Another section relates music to a particular period, and another attempts to deal with the various styles of popular music that have acquired labels - such as collections of recordings or significant performers associated with types like “Heavy Metal”. Sometimes it is hard to be too precise about some of these genres as so much overlapping takes place. It is probably easier to re-make such sections with the benefit of hindsight and some reclassification will be necessary. Film soundtrack recordings are listed under the year the film was released, and entries for the aforementioned Eurovision Song Contest year by year, noting the winning entry and the runners-up.

The composer section lists, in addition to a composer’s output indicated alphabetically and annotated, a useful sub-section devoted to collections on LP of that composer’s work. Under Lennon and McCartney one can find not only Cathy Berberian’s unique realisation of the Beatles’ songs, but a variety of other arrangements played by everything from the Boston Pops under Arthur Fiedler, by way of the Grenadier Guards Band to a Moog Synthesizer. The Beatles themselves also rate an entry in the Subject Classification catalogue as several songs have been written about them.

The library has on hand a number of reference books, especially those covering performers recording careers. The Gramophone Library is fortunate in being able to call upon the Popular Music Library for other reference material when required rather than keep permanent duplicates. The two libraries try to keep a balance and not duplicate information unnecessarily in the catalogues if it is readily available in printed form near at hand. However, in the case of recording data for instance, it is much better and also time-saving to have the information incorporated in the catalogue.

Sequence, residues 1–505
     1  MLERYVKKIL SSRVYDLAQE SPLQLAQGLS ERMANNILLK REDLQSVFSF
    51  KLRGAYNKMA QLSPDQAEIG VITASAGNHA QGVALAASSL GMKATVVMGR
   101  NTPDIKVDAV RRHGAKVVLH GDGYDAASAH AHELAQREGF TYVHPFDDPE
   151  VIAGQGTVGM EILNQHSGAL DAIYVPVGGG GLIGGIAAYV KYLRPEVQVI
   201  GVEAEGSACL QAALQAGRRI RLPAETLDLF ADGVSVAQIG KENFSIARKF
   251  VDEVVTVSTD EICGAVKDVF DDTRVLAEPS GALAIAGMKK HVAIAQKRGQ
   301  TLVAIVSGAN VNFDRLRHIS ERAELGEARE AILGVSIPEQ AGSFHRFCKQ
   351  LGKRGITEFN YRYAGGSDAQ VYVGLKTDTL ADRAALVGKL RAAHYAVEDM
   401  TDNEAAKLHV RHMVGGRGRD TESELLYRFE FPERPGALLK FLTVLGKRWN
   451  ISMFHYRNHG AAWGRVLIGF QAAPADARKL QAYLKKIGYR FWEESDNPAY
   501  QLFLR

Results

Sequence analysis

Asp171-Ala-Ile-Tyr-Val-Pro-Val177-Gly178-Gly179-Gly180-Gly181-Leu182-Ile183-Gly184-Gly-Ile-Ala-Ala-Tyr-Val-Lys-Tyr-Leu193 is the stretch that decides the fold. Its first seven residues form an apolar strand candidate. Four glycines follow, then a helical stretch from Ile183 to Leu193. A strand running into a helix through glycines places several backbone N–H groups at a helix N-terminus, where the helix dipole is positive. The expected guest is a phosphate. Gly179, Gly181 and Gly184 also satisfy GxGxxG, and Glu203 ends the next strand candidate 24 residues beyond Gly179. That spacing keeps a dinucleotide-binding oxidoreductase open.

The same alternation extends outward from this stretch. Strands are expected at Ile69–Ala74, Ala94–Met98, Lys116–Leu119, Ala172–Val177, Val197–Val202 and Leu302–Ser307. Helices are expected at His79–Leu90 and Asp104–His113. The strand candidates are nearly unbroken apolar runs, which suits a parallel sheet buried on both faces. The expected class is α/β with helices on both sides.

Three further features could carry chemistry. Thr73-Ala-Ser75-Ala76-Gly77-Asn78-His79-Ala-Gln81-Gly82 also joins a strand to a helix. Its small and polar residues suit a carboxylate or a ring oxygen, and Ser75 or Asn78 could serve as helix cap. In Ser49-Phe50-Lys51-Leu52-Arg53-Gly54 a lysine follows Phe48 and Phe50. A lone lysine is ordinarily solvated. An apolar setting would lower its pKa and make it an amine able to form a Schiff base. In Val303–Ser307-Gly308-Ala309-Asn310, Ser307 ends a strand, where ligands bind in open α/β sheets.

The form of cataloguing now pursued has been developed specifically to meet the needs of a broadcasting station, but its gestation has been a little haphazard. It has rough edges, is by no means complete, and is certainly selective. It is not proposed as a standard format for dealing with all such recorded material, but it has elements that could usefully serve as a basis for the kind of classification most sound recordings libraries, as well as many others, are finding more necessary. One has to be wary of “classification” becoming an end in itself, and certainly different libraries, having different needs, would be advised to consider very carefully their own needs for such cataloguing. However, it should not be too difficult to agree at least a basic level of desirable headings – and perhaps this might form a useful subject for a working party at some future session.

Derek Lewis is the Gramophone Librarian of the BBC.
This paper was first given at the IASA conference in Washington DC 1983. It formed part of the session given by the IAML/IASA Committee on Music and Sound Archives.